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China

BMW recalls 21,771 sedans in China; Jaguar Land Rover recalls 30 vehicles

German auto giant BMW Group on Friday began recalling more than 21,000 luxury sedans in China to fix a faulty brake system, while British carmaker Jaguar Land Rover recalled 30 Discovery 3 TDV6 diesel vehicles, China’s quality watchdog said Friday. BMW’s recalled vehicles in China included 21,383 imported BMW 5, 6 and 7 Series autos manufactured between Dec. 14, 2001, and Nov. 23, 2009, along with 388 Rolls-Royce Phantom luxury cars manufactured between Jan. 1, 2003, and Nov. 30, 2009, accord …

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German auto giant BMW Group on Friday began recalling more than 21,000 luxury sedans in China to fix a faulty brake system, while British carmaker Jaguar Land Rover recalled 30 Discovery 3 TDV6 diesel vehicles, China’s quality watchdog said Friday.

BMW’s recalled vehicles in China included 21,383 imported BMW 5, 6 and 7 Series autos manufactured between Dec. 14, 2001, and Nov. 23, 2009, along with 388 Rolls-Royce Phantom luxury cars manufactured between Jan. 1, 2003, and Nov. 30, 2009, according to a statement on the website of the General Administration of Quality Supervision, Inspection and Quarantine (GAQSIQ).

BMW’s recall is to fix faulty brake boosters, which may be contaminated by lubrication inside the vacuum pump and could cause the failure of the brake boosting function, according to the GAQSIQ statement.

Jaguar Land Rover’s recalls in China, much smaller in scale, covered 30 units of imported Discovery 3 TDV6 diesel vehicles which have defective fore bearing lubrication inside the high-pressure fuel pump, according to a separate GAQSIQ statement.

The Jaguar vehicle defect may cause a fuel leak or even fire under extreme conditions and is a potential safety hazard, according to GAQSIQ.

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BMW recalls 21,771 sedans in China; Jaguar Land Rover recalls 30 vehicles

In recent years, China has re-invigorated its support for leading state-owned enterprises in sectors it considers important to “economic security,” explicitly looking to foster globally competitive national champions.

In 2009, China announced that by 2020 it would reduce carbon intensity 40% from 2005 levels.

China is also the second largest trading nation in the world and the largest exporter and second largest importer of goods.
The PRC government’s decision to permit China to be used by multinational corporations as an export platform has made the country a major competitor to other Asian export-led economies, such as South Korea, Singapore, and Malaysia.

The restructuring of the economy and resulting efficiency gains have contributed to a more than tenfold increase in GDP since 1978.

The two most important sectors of the economy have traditionally been agriculture and industry, which together employ more than 70 percent of the labor force and produce more than 60 percent of GDP.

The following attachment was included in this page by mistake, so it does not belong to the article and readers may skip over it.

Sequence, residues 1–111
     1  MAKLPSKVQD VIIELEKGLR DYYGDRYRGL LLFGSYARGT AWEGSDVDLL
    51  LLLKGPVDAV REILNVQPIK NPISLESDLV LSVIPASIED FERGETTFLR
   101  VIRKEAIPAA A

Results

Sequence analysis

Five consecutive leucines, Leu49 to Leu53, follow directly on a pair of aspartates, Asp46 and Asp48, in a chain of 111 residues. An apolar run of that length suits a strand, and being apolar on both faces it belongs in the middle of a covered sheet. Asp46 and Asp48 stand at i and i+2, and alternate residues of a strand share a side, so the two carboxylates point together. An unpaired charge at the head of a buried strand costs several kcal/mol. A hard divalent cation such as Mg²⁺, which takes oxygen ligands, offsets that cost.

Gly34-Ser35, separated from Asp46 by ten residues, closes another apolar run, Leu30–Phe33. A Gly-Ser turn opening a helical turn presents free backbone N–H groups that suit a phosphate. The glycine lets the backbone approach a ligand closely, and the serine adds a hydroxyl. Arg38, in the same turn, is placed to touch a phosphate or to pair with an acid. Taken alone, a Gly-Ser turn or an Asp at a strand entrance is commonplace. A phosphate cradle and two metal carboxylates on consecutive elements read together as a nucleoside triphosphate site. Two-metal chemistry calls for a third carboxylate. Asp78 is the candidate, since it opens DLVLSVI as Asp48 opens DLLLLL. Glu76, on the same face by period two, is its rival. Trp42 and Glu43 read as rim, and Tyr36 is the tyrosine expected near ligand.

A report by UBS in 2009 concluded that China has experienced total factor productivity growth of 4 per cent per year since 1990, one of the fastest improvements in world economic history.

China’s increasing integration with the international economy and its growing efforts to use market forces to govern the domestic allocation of goods have exacerbated this problem.

The ministry made the announcements during a press conference held in Xiamen on the upcoming United Nations Conference on Trade and Development (UNCTAD) World Investment Forum and the 14th China International Fair for Investment and Trade.

” Although the figure is already “quite amazing,” the volume is “not large enough” considering China’s economic growth and local companies’ expanding demand for international opportunities, Shen said.

China is expected to have 200 million cars on the road by 2020, increasing pressure on energy security and the environment, government officials said yesterday.

China’s challenge in the early 21st century will be to balance its highly centralized political system with an increasingly decentralized economic system.

Since the late 1970s, China has decollectivized agriculture, yielding tremendous gains in production.

In terms of cash crops, China ranks first in cotton and tobacco and is an important producer of oilseeds, silk, tea, ramie, jute, hemp, sugarcane, and sugar beets.

Due to improved technology, the fishing industry has grown considerably since the late 1970s.

Offshore exploration has become important to meeting domestic needs; massive deposits off the coasts are believed to exceed all the world’s known oil reserves.

China is among the world’s four top producers of antimony, magnesium, tin, tungsten, and zinc, and ranks second (after the United States) in the production of salt, sixth in gold, and eighth in lead ore.

China’s exploitation of its high-sulfur coal resources has resulted in massive pollution.